Previewed 17 October 2015, Opened 7 November 2015, Closed 16 January 2016 at the Garrick Theatre in London
A major revival of Shakespeare's The Winter's Tale in London starring Judi Dench and Kenneth Branagh presented in a 'reimagined' version by co-directors Rob Ashford and Kenneth Branagh - playing in repertory with Terrance Rattigan's Harlequinade.
When King Leontes of Sicilia accuses his wife of adultery, his single-minded jealousy results in the fragmentation of his family, as wife and children are lost to illness, grief and abandonment. Sixteen years pass before his daughter, lost in the pastoral haven of Bohemia, begins a journey that will heal her family's wounds. Shakespeare's rich tragicomedy is a magical testament to the follies of hasty judgement and the force of love as a means of reconciliation.
The cast features Judi Dench as 'Paulina' and Kenneth Branagh as 'Leontes'. Co-directed by Rob Ashford and Kenneth Branagh with designs by Christopher Oram.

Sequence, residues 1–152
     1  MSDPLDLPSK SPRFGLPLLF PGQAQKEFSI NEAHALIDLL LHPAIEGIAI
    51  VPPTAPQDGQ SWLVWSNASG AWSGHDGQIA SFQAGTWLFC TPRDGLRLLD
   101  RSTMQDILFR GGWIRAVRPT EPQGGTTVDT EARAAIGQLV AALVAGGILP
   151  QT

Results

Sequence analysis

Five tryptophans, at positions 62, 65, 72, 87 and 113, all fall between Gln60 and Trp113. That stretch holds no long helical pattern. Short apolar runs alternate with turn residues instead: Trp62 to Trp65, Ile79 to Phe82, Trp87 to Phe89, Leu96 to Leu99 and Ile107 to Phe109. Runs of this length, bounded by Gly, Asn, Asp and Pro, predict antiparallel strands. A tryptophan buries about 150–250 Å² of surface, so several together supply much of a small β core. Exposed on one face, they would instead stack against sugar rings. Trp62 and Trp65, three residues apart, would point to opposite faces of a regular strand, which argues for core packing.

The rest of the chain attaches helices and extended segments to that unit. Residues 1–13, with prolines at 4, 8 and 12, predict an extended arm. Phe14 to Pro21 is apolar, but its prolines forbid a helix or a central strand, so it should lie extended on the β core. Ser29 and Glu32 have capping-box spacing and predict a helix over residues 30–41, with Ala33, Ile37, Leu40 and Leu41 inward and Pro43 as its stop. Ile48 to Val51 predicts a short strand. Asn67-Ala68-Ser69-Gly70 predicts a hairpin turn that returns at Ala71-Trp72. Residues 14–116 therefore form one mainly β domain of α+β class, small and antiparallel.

When this production opened here at the Garrick Theatre in November 2015, Dominic Cavendish in the Daily Telegraph hailed this production as being a "sizzling hot-ticket," explaining that "Kenneth Branagh takes the lead as the jealousy-seized Leontes alongside the great (Dame Judi Dench), the good (Miranda Raison) and the more than promising (Jekyll and Hyde star Tom Bateman)... All the old virtues of Branagh are present and exhilaratingly correct – the clarity, intelligence, tight-lipped control too – but what we’re getting now in his middle-age (he’s 54)... is a richer, deeper capacity for vice and darkness: the ordinary man thrust into monstrous, terrifying motion." Paul Taylor in the Independent praised it as being a "sublime production" in which "Kenneth Branagh gives an extraordinarily searching portrayal of Leontes." Quentin Letts in the Daily Mail highlighted that "Dame Judi is the making of the show." Michael Billington in the Guardian explained that "Kenneth Branagh and Judi Dench are surrounded by a first-rate team. Miranda Raison lends the wronged and persecuted Hermione a shining self-belief, Michael Pennington brings a lifetime’s Shakespearean experience to the role of the bear-pursued Antigonus and John Dagleish is a suitably nimble-fingered Autolycus. You go to see the stars and, in the words of a Sondheim song, in comes company." Neil Norman in the Daily Express wrote "it doesn’t get much better than this. Two Shakespeare superstars on the same stage in one of the Bard’s most extraordinary plays and a support cast to die for. Sir Kenneth Branagh proves once again that when it comes to engaging with the world’s greatest playwright there is no one to touch him... Dame Judi Dench is nothing less than a marvel... Don’t miss." Sarah Hemming in the Financial Times decribed it as being a "handsome, but curiously mixed production." Henry Hitchings in the London Evening Standard said it is "a well-spoken, elegant account of one of Shakespeare’s tragicomic late romances... Kenneth Branagh shares directorial duties with Rob Ashford, and their production emphasises the almost magical powers of Hermione’s friend Paulina, who orchestrates the play’s crucial act of redemption." Ann Treneman in the Times commented that "you would think that, of all people, Kenneth Branagh would not mess up Shakespeare. You would be wrong... Branagh’s performance is mystifyingly OTT... The star of the show, without question, is Dench, who is effortless to watch. She alone appears to be natural, nuanced, sane, holding the stage whenever she’s on it, which isn’t enough."